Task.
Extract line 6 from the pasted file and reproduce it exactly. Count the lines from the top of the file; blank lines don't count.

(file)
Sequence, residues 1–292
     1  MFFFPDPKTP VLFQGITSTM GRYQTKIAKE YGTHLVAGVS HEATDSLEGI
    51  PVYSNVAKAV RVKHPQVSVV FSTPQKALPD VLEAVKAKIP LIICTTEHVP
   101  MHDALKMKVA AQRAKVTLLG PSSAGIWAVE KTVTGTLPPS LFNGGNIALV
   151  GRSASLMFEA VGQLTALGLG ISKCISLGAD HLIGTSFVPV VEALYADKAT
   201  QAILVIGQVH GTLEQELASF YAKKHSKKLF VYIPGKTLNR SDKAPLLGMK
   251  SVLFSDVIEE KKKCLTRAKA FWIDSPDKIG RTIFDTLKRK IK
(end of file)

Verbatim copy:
   201  QAILVIGQVH GTLEQELASF YAKKHSKKLF VYIPGKTLNR SDKAPLLGMK